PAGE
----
What’s up guys! Another month, another Album Round Up. Below is a quick run-through of all the records I checked out this month:
Anaal Nathrakh – Endarkenment: A significant improvement over 2018’s slightly dumbed-down A New Kind of Horror, one of my favorite Extreme Metal bands of all time comes roaring back with a powerful 11th album. It may not be as essential as 2001’s Codex Necro or 2009’s In the Constellation of the Black Widow, but stellar highlights on here like “The Age of Starlight Ends”, “Punish Them”, and the title track showcase the group’s unique ability to find bright melodies in the most chaotic of places. Meanwhile, there are songs like “Singularity” that simply hit like a sledgehammer. My bias is surely showing, but this is gonna be one of my favorite Metal records of the year. HIGHLY RECOMMENDED.
Ariana Grande – Positions: In the eyes of the public, Ariana Grande has been virtually incapable of wrongdoing for at least half a decade. Dangerous Woman, Sweetener, and thank u, next in particular have achieved the difficult combination of extraordinary popularity among the masses, and accolades among the stuffiest of critics. Listening to Positions, I get the sense there’s gonna be more mixed opinions on this one – I, for one, can’t get into how surface level the record feels. The hypersexualized sophomoric moments like “34 + 35” (69, get it! You can almost hear Billy Madison yelling it in a classroom) are a bit much, and “Nasty” finds Grande overselling her Kehlani impression. The title track, the classy and understated “Motive” and a couple other moments stick, but the LP as a whole is spotty at best. NOT RECOMMENDED.
Benny the Butcher – Burden of Proof: As if being a lyrical powerhouse in his own right wasn’t enough, Benny continues to attract enviably high-level performances from the perfect guests – everybody from Lil’ Wayne (in one of his best post-2010 verses) to Freddie Gibbs to Rick Ross steps up to round out this project. Hit-Boy – who is having one of the best years of any producer in recent memory – also provides a fitting set of backdrops that range from soul-driven (“One Way Flight”, “Thank God I Made It”, “New Streets”) to rousing boom bap (title cut, “Legend”). RECOMMENDED.
Carcass – Despicable EP: These Liverpool legends took seven years to release a four-song EP that sounds exactly like Surgical Steel, so I can’t sit here and pretend to be over the moon. That being said, all four of these tracks are solid, and I’m still holding out for their next full-length Torn Arteries, which is due in 2021. RECOMMENDED.
Corey Taylor – CMFT: I’ve always maintained that I love people who “earn” their egos, which is why I’ve never had any animus towards Slipknot’s talented, self-obsessed frontman and his nonstop Blabbermouth headlines. I was happy to see him completely indulge himself here with a proper solo album, even if the results are a bit mixed. The blues-driven Hard Rock of cuts like “Halfway Down” and “Samantha’s Gone”, along with the occasional Stone Sour-esque Octane radio moment like “Black Eyes Blue”, represent the high points, while Taylor attempting to rap his way through his own 2002-era wrestling theme on “CMFT Must Be Stopped” is the kind of thing you wish you could un-hear. RECOMMENDED.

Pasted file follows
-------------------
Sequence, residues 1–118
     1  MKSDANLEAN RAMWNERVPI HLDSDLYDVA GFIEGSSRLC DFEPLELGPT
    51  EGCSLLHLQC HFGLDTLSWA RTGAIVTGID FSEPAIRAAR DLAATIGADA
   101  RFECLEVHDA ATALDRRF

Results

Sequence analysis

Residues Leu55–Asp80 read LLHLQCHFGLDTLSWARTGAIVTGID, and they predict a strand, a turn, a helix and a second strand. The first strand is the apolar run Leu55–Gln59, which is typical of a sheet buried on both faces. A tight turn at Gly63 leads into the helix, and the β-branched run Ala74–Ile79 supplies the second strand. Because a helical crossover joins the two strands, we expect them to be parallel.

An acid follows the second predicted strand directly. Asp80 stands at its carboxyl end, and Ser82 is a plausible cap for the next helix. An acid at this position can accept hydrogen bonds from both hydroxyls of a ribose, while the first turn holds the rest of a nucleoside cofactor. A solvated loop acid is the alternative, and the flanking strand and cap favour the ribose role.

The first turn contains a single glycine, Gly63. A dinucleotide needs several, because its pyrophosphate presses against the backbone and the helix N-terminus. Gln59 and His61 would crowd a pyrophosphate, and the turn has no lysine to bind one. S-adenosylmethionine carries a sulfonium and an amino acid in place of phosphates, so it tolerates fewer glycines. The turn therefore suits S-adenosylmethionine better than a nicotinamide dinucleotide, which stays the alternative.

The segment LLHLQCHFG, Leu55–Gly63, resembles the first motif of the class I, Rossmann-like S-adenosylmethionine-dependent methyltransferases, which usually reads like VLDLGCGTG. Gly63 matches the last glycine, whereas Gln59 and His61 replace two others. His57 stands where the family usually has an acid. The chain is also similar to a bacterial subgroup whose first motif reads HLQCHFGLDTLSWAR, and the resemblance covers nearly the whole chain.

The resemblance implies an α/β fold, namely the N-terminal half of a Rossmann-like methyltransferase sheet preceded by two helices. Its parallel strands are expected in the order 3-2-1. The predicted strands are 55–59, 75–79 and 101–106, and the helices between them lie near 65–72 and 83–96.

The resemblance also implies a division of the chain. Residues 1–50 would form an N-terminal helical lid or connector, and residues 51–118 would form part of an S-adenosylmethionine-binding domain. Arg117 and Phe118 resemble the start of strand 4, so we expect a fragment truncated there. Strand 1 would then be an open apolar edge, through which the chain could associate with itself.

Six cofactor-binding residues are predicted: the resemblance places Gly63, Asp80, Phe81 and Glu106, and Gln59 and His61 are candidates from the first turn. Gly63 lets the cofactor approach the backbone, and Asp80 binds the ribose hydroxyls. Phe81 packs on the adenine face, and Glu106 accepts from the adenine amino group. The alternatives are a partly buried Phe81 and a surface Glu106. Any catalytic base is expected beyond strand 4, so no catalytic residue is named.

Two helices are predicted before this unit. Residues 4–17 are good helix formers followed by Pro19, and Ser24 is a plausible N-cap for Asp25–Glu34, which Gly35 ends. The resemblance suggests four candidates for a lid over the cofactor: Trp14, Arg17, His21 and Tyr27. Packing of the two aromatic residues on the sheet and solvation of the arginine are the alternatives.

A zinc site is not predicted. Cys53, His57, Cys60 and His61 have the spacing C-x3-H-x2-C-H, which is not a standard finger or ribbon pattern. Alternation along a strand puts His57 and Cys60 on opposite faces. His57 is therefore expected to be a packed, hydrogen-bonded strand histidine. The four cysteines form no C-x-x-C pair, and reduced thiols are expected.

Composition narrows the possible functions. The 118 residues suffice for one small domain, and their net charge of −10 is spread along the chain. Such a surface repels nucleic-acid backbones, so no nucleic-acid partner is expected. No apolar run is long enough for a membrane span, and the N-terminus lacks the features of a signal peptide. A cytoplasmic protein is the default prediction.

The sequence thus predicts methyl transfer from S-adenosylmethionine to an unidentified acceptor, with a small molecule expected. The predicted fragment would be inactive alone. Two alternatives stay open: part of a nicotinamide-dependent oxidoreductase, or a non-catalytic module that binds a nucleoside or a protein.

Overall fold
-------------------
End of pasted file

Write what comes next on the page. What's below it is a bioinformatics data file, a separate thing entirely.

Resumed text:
Pallbearer – Forgotten Days: I’m continually impressed with the ability of these beloved Doom Metallers to crank out albums that are as layered and intelligent as they are dirge-y and foreboding. Forgotten Days is the funeral that you drive through a thunderstorm to attend. And Randall Dunn’s production walks a balance not unlike that of the songwriting, between dirty and polished, hideous and refined. HIGHLY RECOMMENDED.
Devildriver – Dealing With Demons I: Even though everything I listened to growing up SOUNDED just like Devildriver, they never released an album that completely connected with me. Maybe a song or two here and there. That’s why it’s so strange that as a grown-ass man, the first full Devildriver record I’ve truly enjoyed is this one. Granted, it’s Part One of a double album, and it JUST starts to wear out its welcome by the end. But since Dez and co were smart enough to release each part separately, they get credit for a tight ten-track outing with enough Extreme Metal-tinged brutality (“Keep Away From Me”), surprisingly melodic moments (“Wishing”) and New Wave of American Heavy Metal standards (“Nest of Vipers”, the title cut) to keep you engaged throughout. HIGHLY RECOMMENDED.
Rittz – Picture Perfect: I know I didn’t particularly love my favorite Strange Music alum’s last record, but he bounces back here with a more lighthearted set of tracks that dial back the campy melodrama just a tad and welcome a few exciting features into the fold. The stomping “Bring Me Down” is one of my favorite instrumentals I’ve ever heard Rittz on (and Merkules and Snak the Ripper both slaughter their guest verses), while the metallic Tech N9ne-assisted title track and the dreamy Last Call-esque “Pain Killers and Paint Colors” are instant favorites as well. RECOMMENDED.
Armored Saint – Punching the Sky (Metal)
Bring Me the Horizon – Post Human: Survival Horror EP (Rock)
Greg Puciato – Child Soldier: Creator of God (Alternative/Experimental)
Necrophobic – Dawn of the Damned (Metal)
Spirit Adrift – Enlightened in Eternity (Metal)
Venom Prison – Primeval (Metal)
Enslaved – Utgard (Metal)
Gorillaz – Song Machine, Season One: Strange Timez (Alternative)
Mr. Bungle – The Raging Wrath of the Easter Bunny Demo (Metal)
Sevendust – Blood and Stone (Rock)
Smoke DZA – Homegrown (Hip-Hop)